Educator Resources

Middle School Distance Learning Programs

Visit the National Archives without leaving your classroom! Our free, interactive programs feature primary sources from our holdings. Each program aligns with National Social Studies Standards  and Common Core State Standards. We also provide teacher guides with pre- and post-program lessons. 

Scheduling Details

  • Available Tuesdays-Thursdays
  • Must be scheduled at least two weeks in advance
  • For groups of 10 or more students
  • Multiple sites can connect at the same time

We can deliver up to five programs per school per day. For schools with over five classes, we recommend connecting two to three classes at the same time or scheduling programs over multiple days.

Technology Requirements

You can connect your class via traditional videoconferencing equipment or online via a computer with a webcam, microphone, and speakers. 

Request your program today!

 


New! Decoding the Declaration

 

refer to caption

The five-man committee presenting the draft of the Declaration of Independence, June 28, 1776. Painting by John Trumbull (1817) on display in the U.S. Capitol.

Guiding Question:

What does the Declaration of Independence mean?

 

Students will analyze the Declaration of Independence through different lenses, examining it as an artifact, as a primary source, and as a persuasive text. Students will consider the argument for independence, the key principles of the Declaration, and what the text means today.

  • For grades 6–8
  • 45–60 minutes

 


 

The Charters of Freedom: Building a More Perfect Union

 

refer to caption

 

The Charters of Freedom: Declaration of Independence, Constitution, and Bill of Rights

Guiding Question:

Why do the Charters of Freedom (Declaration of Independence, Constitution, and Bill of Rights) exist?

 

Students will analyze opening passages of the Declaration of Independence, the Constitution, and the Bill of Rights. They will create a graphic organizer to help them distinguish the Charters of Freedom by their purpose. Next, students will match document excerpts to each excerpt’s origin – the Declaration of Independence, the Constitution, or the Bill of Rights. The program will conclude with a discussion about the legacy of these founding documents.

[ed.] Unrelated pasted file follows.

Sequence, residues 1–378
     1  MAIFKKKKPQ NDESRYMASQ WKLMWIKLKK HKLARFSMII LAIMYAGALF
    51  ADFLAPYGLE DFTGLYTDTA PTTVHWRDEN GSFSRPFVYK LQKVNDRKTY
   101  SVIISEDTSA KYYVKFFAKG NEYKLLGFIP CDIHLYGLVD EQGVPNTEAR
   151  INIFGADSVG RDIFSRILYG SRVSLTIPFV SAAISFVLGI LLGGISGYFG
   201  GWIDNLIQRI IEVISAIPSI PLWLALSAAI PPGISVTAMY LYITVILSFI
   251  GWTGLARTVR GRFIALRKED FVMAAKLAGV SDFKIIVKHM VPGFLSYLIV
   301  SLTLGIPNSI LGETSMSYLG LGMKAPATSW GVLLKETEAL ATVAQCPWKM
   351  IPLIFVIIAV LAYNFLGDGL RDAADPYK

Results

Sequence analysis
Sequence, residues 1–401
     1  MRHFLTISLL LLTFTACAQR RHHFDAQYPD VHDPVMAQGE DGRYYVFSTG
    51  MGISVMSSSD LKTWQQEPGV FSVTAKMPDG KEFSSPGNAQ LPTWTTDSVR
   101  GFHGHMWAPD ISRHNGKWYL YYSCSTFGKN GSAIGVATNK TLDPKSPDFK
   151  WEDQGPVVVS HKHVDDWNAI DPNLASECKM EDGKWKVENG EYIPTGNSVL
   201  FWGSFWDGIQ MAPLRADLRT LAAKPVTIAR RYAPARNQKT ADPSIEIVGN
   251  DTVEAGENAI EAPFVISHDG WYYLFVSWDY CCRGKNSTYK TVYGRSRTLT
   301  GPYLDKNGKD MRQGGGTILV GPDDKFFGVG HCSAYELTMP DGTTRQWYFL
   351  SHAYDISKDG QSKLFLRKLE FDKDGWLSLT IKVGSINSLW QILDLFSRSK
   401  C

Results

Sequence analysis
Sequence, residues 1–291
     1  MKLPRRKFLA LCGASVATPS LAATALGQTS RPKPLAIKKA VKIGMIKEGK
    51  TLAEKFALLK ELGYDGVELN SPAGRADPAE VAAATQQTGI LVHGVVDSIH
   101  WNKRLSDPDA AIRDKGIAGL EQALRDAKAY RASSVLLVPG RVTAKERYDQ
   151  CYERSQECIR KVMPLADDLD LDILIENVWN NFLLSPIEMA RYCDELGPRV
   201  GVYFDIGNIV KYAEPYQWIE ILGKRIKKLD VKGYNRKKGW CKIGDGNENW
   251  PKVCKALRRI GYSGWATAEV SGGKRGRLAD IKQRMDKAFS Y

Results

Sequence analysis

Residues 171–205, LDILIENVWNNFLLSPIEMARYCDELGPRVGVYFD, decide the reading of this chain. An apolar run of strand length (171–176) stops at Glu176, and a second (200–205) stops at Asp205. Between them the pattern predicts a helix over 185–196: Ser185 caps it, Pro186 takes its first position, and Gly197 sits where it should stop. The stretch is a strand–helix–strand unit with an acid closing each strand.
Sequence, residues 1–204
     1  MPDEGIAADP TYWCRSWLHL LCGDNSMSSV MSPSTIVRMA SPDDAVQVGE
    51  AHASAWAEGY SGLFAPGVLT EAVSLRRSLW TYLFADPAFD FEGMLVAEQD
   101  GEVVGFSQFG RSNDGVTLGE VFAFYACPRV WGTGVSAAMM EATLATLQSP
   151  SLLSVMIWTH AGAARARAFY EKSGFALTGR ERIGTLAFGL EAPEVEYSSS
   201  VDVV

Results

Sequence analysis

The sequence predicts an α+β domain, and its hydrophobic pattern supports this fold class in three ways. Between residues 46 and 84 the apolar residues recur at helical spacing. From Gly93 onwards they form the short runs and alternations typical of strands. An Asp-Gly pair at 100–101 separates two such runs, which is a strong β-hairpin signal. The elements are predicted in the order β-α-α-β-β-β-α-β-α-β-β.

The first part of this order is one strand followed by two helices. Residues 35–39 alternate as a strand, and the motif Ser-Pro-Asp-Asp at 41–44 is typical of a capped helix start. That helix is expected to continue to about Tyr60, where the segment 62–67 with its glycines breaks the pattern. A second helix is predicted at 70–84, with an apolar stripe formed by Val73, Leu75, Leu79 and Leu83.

• For grades 6–12
  • 45–60 minutes
  • No required pre-program lesson

 


The Constitution at Work: Middle School Edition

Cartoon of Uncle Sam driving horses Image Source

 

Guiding Question:

How does the Constitution check and balance power?

 

Students will analyze primary sources to examine the powers of the Federal Government and discover how the Constitution created a stronger central government compared to the Articles of Confederation. They will also discover how the Constitution checks and balances power between the three branches of government and between the Federal Government and state governments. 

  • For grades 6–8
  • 45–60 minutes

 

Teacher Guide

 


The Bill of Rights in Real Life

The March on Washington Image Source

 

Guiding Question:

Why should we care about the Bill of Rights?

 

Students will focus on the rights and limitations within the Bill of Rights. They will identify Bill of Rights issues using historical scenarios from the holdings of the National Archives and learn why it is important for citizens to know their rights.

  • For grades 6–8
  • 45–60 minutes

 

Teacher Guide

 


 

Questions?

If you have questions about any of our programs, please contact us distancelearning@nara.gov.

 


Request your program today!

Register online. If you prefer, fill out and return our PDF form to distancelearning@nara.gov.

 

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